or “A Lesson In Putting It Out There”
I’ve received a bunch of mail over the last year asking when the final installment of “Ways of Working” might appear, and I procrastinated because it seemed like the title, “Share”, said enough. Share your work with others; you might be surprised what happens when it’s out there in the world.
I’ve had a very interesting week in which I’ve put this idea into practice (more than usual) and it’s both emboldened and occasionally frightened me.
A month ago I came across a news story that piqued my interest. I looked around and there was local coverage of the story, but no substantial national press. I decided to quit my day job a week early and drive six hundred miles to Louisiana to see what was going on, with my own eyes.
Simply, I went to Jena to see what I could see. I brought a camera. I don’t have a laptop or great audio/video capability, so I was underequipped for contracted professional work. I went on my own dime.
I spoke with one of the accused, with family members, with the working press, with residents. I held a small voice recorder in my hand while photographing. I approached the whole thing as a freelance photographer who wasn’t working for a particular publication, but had personal interest in observing what transpired.
What I found didn’t necessarily surprise me, but it inspired me to come back home and “get the word out”. I threw together a quick youtube video, gathered links, and put it all up on whileseated. That’s when things got interesting. Suddenly there was another forum for people to learn about the case, discuss its complexities, and monitor developments as the week drew closer to a verdict.
Along the way, 30,000 people (a day) were looking at some pretty amateur work of mine. The photos weren’t special, my text was hardly objective, but the benefits of the discussion outweighed the fact that I know very little about photojournalism, and in reality, am just another guy with a camera and a blog. My merits and motives were questioned and I was personally attacked (in text, not physically). Many of the discussions devolved into the bizarre. But in a small way, I felt I was making a difference.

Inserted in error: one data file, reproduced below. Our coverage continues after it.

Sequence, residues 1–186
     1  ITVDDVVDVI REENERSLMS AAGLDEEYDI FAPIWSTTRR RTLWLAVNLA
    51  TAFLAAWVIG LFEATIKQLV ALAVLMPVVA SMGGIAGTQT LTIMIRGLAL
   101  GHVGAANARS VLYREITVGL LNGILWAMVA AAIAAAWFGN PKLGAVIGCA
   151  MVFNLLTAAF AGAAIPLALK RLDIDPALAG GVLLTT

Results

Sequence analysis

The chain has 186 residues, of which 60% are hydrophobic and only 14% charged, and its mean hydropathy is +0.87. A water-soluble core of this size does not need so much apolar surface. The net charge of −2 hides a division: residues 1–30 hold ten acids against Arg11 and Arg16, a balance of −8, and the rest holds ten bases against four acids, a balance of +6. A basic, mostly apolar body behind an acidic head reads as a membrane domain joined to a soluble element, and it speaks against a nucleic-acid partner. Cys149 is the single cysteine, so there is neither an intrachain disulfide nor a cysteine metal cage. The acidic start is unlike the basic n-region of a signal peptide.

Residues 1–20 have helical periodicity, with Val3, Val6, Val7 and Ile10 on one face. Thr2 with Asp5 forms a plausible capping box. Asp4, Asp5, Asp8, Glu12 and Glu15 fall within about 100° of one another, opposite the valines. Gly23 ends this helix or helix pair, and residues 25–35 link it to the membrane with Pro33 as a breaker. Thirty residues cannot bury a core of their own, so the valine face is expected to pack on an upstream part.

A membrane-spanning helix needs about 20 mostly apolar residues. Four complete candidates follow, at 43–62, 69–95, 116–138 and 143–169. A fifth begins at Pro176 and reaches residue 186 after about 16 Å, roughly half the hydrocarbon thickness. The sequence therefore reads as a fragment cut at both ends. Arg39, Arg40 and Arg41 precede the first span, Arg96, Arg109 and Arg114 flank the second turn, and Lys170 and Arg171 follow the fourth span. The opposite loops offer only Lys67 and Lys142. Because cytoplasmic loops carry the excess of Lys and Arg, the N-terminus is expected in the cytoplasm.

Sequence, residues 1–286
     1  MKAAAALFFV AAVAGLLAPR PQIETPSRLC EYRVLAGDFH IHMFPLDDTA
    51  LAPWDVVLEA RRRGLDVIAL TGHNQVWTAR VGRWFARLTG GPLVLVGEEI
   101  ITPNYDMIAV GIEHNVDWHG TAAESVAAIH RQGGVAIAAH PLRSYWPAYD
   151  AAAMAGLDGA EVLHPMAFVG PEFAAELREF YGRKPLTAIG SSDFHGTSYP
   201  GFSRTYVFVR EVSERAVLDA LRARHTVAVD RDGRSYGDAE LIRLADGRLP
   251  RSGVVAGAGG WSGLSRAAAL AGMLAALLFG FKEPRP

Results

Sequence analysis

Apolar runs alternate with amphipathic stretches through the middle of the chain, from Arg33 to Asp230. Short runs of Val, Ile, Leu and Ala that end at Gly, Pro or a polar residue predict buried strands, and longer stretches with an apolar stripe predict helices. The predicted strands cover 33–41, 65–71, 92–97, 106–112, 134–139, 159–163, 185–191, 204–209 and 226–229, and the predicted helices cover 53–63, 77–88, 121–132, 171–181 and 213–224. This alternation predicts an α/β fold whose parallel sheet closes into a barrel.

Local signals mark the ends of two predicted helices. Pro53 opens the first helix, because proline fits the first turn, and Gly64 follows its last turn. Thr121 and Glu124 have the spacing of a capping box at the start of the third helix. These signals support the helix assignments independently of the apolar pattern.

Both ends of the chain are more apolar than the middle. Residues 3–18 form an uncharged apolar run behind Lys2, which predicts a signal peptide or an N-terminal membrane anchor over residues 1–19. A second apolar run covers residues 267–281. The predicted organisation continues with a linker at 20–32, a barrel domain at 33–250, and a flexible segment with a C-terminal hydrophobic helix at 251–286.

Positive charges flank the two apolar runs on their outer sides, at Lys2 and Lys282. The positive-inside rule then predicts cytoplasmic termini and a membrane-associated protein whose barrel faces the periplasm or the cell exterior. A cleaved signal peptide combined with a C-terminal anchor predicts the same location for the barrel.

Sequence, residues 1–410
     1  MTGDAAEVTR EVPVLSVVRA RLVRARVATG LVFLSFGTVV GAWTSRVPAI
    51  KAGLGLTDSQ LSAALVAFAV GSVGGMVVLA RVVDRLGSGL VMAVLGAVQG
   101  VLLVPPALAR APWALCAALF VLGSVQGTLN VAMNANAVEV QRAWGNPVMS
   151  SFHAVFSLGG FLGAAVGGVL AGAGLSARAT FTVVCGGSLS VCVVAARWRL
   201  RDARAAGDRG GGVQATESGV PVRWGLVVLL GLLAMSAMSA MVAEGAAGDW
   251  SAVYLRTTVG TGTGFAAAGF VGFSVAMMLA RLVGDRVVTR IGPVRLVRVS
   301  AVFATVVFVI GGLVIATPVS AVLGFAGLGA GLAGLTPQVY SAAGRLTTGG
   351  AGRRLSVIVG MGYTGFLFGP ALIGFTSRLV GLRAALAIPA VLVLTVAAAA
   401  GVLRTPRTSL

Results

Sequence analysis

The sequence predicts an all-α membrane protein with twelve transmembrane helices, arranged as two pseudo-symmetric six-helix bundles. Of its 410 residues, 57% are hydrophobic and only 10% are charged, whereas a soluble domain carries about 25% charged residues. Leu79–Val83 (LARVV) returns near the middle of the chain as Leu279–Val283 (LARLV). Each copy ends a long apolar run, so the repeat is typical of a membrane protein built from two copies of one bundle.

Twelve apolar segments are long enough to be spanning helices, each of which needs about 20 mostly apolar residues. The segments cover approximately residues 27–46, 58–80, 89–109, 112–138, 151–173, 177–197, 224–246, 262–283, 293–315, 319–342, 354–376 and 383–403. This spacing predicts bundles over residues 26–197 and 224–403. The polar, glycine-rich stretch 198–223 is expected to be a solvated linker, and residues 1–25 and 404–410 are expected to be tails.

If you’re a photographer, think about how you might be able to use your skill to do something beyond getting your pictures in a gallery with a four-figure price tag attached. Volunteer to take portraits for a non-profit. Borrow a car and make a trek to witness a developing story that’s underreported. If you’re sitting around waiting for the phone call from the New York Times or that downtown gallery, get outside and chase things down. Seek out the stories or situations that will lead to the kind of picture(s) you’ve always imagined but have never been able to take; on the street, or off.
A few months ago, a friend shared some notes from a seminar he had with Martin Parr in which Parr said, “photograph things you don’t want to photograph” (not verbatim). If you’re whetted to the street, try something new! Shoot widely and see what happens. Do what’s difficult and learn new skills. Sharing your work, even in process, or when it’s about a controversial issue that might result in negative attention, can be beneficial. Not just for you, but for others who need examples for forging their own paths.
William Klein made a really wild movie. Robert Frank painted (right?). Garry Winogrand did an ad for Scotch. Diane Arbus photographed for catalogs. In the interview last week, Richard Kalvar talked about how his professional work funded his amateur explorations. Weegee was Weegee.
What I’m trying to say is there are a million ways to go about being a photographer, and starting on the street is as good a beginning as any. It’s as good a middle, and as good an end as any, too. If you see something (anywhere!) that’s important to you, bring it back and share it. Show us how it is. Whether it’s a good picture, an interesting story, a hacky youtube video, or a terrific series of great pictures, put it together, get them up on a site, and let people know. Quit stalling.
Sharing’s as scary as it is essential. Show us who you are, what you’re made of, and why we should care.
If you can’t, who will?